- Coffee, tea, and wine
Additional evidence from U.S. and European cohort studies and meta-analyses indicates that long-term intake of increased amounts of red meat, particularly processed meat, is tied to an increased risk of total mortality, heart disease, colorectal cancer, and Type 2 diabetes.(viii) The risk is seen in both men and women.
Other foods with anti-inflammatory effects may also be useful for fighting heart disease. This includes fish oil, which is beneficial against chronic heart failure.(ix) An anti-inflammatory effect may also be a key factor in the decreased risk of certain chronic diseases associated with higher intakes of anthocyanins and flavonols, nutrients found in abundance in specific fruits and vegetables.(x)
Taken consistently, aged garlic extract may also be beneficial in preventing chronic diseases associated with low-grade inflammation in adults with obesity.(xi) Even a 12-week intake of yogurt with a certain probiotic strain (OLL2712) has been found to prevent the aggravation of chronic inflammation and insulin resistance in pre-diabetic adults.(xii)
Learn more about inflammation and its links to chronic diseases such as heart disease and stroke through almost 3,000 medical abstracts on the GreenMedInfo.com database.
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(i) Li J et al “Dietary Inflammatory Potential and Risk of Cardiovascular Disease Among Men and Women in the U.S.” J Am Coll Cardiol. 2020 Nov; 76(19):2181-93.
(ii) Lopez-Candales A et al “Linking Chronic Inflammation with Cardiovascular Disease: From Normal Aging to the Metabolic Syndrome” J Nat Sci. 2017 Apr; 3(4): e341.
(iii) Harvard Men’s Health Watch https://www.health.harvard.edu/staying-healthy/understanding-acute-and-chronic-inflammation
(v) Science Daily November 20, 2020 https://www.sciencedaily.com/releases/2020/11/201102142257.htm
(vi) Science Daily November 20, 2020 https://www.sciencedaily.com/releases/2020/11/201102142257.htm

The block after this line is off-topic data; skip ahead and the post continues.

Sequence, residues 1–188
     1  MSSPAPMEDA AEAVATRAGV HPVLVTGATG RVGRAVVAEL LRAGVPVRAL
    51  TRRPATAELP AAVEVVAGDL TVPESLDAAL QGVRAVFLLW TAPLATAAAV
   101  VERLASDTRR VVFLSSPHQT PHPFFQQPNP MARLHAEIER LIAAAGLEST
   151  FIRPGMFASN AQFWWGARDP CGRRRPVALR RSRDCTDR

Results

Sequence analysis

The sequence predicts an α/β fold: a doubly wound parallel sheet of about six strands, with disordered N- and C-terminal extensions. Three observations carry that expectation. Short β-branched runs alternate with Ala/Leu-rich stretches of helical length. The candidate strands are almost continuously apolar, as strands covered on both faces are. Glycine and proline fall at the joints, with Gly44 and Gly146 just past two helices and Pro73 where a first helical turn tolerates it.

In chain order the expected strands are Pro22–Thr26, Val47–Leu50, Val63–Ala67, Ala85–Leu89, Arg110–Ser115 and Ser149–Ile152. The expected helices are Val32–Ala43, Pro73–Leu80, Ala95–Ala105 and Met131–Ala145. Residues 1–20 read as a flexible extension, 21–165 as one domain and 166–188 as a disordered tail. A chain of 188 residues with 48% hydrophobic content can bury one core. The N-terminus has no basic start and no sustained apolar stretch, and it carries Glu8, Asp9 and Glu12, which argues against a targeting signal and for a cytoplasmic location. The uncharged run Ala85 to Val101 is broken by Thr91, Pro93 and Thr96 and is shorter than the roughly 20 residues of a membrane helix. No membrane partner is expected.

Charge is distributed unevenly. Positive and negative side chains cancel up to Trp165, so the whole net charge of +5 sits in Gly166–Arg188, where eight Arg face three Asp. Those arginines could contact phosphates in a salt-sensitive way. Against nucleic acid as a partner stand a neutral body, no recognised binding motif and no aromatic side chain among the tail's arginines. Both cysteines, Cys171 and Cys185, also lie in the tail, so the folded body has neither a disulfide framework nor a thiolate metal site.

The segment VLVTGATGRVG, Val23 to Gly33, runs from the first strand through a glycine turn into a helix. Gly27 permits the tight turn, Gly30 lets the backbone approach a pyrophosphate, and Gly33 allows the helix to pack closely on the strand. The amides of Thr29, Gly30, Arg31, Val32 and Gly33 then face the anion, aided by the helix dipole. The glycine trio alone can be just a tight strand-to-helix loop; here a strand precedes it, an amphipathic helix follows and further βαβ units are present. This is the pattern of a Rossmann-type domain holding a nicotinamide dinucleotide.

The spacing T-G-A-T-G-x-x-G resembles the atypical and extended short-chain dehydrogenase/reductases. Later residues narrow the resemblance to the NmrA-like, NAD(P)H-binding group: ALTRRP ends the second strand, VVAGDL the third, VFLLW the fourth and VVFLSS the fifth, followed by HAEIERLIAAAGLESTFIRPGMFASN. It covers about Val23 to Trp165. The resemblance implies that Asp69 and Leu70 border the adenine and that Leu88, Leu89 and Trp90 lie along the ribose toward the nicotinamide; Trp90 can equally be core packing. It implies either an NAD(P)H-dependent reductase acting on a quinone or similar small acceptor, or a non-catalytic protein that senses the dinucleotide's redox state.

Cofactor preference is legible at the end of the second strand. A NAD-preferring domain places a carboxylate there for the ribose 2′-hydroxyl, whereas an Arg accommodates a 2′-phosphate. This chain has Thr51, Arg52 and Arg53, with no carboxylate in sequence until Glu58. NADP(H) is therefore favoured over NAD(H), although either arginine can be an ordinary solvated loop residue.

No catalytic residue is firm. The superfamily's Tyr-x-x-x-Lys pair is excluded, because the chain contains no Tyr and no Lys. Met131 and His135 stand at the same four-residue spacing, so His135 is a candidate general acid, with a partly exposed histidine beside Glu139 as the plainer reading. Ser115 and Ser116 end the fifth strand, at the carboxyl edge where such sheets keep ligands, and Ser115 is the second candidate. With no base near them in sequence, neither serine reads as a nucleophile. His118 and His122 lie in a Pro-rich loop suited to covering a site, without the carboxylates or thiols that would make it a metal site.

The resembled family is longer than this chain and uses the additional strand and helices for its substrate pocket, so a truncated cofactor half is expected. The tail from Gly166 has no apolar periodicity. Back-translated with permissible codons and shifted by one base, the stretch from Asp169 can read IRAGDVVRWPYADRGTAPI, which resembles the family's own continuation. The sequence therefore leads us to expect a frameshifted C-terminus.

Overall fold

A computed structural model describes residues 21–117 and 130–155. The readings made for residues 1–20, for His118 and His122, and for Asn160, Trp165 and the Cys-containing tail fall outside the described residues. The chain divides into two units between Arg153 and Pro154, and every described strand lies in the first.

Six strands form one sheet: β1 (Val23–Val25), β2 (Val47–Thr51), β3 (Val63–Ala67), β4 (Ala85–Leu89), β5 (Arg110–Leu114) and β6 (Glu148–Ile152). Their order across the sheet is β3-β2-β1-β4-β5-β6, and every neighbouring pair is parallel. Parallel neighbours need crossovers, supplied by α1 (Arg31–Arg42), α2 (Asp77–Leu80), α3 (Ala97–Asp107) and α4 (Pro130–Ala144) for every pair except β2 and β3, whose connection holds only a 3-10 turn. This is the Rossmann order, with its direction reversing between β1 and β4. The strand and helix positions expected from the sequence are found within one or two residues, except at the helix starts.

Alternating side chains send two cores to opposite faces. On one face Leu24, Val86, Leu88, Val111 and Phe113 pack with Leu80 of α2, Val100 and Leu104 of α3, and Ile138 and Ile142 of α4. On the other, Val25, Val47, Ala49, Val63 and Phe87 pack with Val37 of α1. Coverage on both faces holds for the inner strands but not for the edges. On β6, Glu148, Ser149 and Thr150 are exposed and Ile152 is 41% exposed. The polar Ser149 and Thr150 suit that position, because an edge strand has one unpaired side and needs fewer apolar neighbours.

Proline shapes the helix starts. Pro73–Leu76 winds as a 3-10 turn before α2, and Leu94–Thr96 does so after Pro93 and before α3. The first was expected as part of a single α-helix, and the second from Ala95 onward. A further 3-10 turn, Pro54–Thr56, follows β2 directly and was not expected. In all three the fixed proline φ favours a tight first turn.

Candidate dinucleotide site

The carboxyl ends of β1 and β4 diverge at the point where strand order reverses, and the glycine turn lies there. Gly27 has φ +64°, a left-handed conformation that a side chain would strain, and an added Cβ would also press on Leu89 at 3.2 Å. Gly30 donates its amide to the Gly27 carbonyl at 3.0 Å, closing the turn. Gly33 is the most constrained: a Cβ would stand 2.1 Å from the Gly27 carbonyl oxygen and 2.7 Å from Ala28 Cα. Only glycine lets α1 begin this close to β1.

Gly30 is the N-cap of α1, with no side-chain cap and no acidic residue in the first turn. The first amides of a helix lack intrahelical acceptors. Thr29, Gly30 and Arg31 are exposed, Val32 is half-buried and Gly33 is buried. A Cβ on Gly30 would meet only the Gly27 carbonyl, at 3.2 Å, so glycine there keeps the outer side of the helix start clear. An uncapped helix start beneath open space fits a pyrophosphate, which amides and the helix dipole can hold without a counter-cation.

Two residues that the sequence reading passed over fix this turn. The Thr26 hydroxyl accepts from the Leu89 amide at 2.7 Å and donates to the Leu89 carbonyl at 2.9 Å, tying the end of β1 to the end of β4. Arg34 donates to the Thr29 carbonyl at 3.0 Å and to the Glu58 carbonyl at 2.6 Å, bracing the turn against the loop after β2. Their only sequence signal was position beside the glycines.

(vii) Li J et al “Dietary Inflammatory Potential and Risk of Cardiovascular Disease Among Men and Women in the U.S.” J Am Coll Cardiol. 2020 Nov; 76(19):2181-93.
(viii) Richi E et al “Health Risks Associated with Meat Consumption: A Review of Epidemiological Studies” Int J Vitam Nutr Res. 2015;85(1-2):70-8.
(ix) Xin W et al “Effects of fish oil supplementation on inflammatory markers in chronic heart failure: a meta-analysis of randomized controlled trials” BMC Cardiovasc Disord. 2012 ;12:77. Epub 2012 Sep 20.
(x) Cassidy A et al “Higher dietary anthocyanin and flavonol intakes are associated with anti-inflammatory effects in a population of US adults” Am J Clin Nutr. 2015 May 27. Epub 2015 May 27.
(xi) Xu C et al “Aged garlic extract supplementation modifies inflammation and immunity of adults with obesity: A randomized, double-blind, placebo-controlled clinical trial” Clin Nutr ESPEN. 2018 04 ;24:148-155. Epub 2018 Jan 3.
(xii) Toshimitsu T et al “Effects of 12-Week Ingestion of Yogurt ContainingOLL2712 on Glucose Metabolism and Chronic Inflammation in Prediabetic Adults: A Randomized Placebo-Controlled Trial” Nutrients. 2020 Jan 31 ;12(2). Epub 2020 Jan 31.